HEADTEACHERS have spoken of their struggle to recruit cleaners and kitchen staff, citing Brexit and the impact of the pandemic as key factors.

Cheney School in Headington has been struggling to hire cleaners and kitchen staff in recent weeks.

Headteacher Rob Pavey said although the school is coping at the moment, it could be struggling within a few weeks.

See also: Education group to get new CEO after 18 years with merger possible

He said: “We have a number of vacancies that we’re finding very difficult to fill.

“Our cleaning, kitchen and estates team are not up to full strength which is making things very tough.

“We’re certainly not at crisis point yet, but if things don’t change within a few weeks then we could be really, really struggling.

“Our staff are fantastic and are taking on extra shifts, but this isn’t a sustainable option in the long-term, we simply need more people.

“This isn’t about being able to get a table in the local pub, this is education.”

Mr Pavey added: “There isn’t much that the local authority can do, but I do wonder whether the end of the furlough scheme will make the job market more buoyant – I certainly hope so.”

Herald Series: Cheney School headteacher Rob Pavey at A level results day this summer. Picture: Ed NixCheney School headteacher Rob Pavey at A level results day this summer. Picture: Ed Nix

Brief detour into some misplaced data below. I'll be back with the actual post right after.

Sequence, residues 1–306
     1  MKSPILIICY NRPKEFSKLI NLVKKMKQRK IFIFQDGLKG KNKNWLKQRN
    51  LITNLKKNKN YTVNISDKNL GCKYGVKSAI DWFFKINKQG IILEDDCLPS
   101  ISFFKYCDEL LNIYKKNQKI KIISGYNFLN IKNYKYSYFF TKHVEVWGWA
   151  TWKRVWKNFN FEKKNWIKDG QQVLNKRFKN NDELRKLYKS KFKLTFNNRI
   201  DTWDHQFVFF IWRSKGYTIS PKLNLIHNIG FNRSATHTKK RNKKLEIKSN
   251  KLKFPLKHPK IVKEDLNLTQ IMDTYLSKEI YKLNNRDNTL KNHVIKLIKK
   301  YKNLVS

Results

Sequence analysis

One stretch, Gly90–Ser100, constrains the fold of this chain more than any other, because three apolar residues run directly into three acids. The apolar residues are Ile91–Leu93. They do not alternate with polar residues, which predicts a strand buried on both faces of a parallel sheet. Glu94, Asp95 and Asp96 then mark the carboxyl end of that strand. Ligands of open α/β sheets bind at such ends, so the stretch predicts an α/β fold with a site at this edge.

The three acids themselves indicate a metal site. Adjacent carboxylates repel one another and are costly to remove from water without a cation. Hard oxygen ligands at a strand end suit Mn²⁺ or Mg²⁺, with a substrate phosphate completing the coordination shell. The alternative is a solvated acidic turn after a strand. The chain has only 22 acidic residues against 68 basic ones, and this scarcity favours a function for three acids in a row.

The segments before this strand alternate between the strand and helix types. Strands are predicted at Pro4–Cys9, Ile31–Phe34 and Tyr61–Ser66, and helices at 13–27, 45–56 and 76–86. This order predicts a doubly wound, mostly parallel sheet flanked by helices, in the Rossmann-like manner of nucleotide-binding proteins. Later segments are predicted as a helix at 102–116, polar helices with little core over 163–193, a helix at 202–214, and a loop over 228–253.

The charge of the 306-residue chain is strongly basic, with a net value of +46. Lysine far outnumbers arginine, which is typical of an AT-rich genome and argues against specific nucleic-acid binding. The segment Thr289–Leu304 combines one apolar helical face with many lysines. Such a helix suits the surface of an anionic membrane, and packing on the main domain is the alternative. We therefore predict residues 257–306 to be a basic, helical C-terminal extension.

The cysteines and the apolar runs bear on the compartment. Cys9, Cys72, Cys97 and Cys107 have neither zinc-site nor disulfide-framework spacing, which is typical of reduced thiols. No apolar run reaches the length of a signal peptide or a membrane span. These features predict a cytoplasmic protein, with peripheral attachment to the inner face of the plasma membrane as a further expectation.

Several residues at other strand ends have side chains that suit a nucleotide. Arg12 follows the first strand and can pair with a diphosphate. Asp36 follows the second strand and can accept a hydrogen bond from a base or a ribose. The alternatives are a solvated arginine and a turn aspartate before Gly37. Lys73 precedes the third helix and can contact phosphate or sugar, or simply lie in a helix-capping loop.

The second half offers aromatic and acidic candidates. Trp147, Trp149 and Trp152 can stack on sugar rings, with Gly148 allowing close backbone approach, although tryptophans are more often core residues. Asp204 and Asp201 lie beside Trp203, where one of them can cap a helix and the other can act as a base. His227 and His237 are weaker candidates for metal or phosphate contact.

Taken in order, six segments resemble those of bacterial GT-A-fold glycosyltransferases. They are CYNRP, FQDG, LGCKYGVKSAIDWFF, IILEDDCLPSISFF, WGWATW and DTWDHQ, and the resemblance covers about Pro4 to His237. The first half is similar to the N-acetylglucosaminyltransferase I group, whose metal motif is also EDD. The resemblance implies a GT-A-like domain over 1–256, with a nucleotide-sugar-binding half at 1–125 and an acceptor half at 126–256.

Mr Pavey also said ‘seasonal sickness’ was making staffing very difficult across the school.

He said: “We are now in the fifth full week of having between 10 and 20 per cent staff absence every day.”

Until a recent recruitment drive, Radley College had also experienced problems recruiting cleaners and kitchen staff.

Sarah Ballard, head of human resources at Radley, said: “Our head of catering has worked in the industry for 40 years and she’d never seen anything like it.

“With Brexit and the pandemic, it felt like a perfect storm.”

Despite taking on a number of staff in recent weeks, Radley’s website still lists various jobs, including for a sports centre cleaner, chef de partie, food service assistant and kitchen porter.

Tineke van der Ploeg, headteacher at Mill Lane Community Primary School in Chinnor, said: “It is always difficult to fill roles such as caretaker and that’s not just down to Brexit, although that has not made it easier.

“All roles in teaching are difficult to fill, especially teaching assistants too as the pay is so low and with little rise over the years.”

The Oxford Mail revealed last month that Cheney would be joining one of the area’s largest education trusts.

Cheney, along with Barton Park and Bayards Hill primary schools, is due to become part of the River Learning Trust in February.


Keep up to date with all the latest news on our website, or follow us on Facebook, Twitter and Instagram

For news updates straight to your inbox, sign up to our newsletter here

Have you got a story for us? Contact our newsdesk on news@nqo.com or 01865 425 445.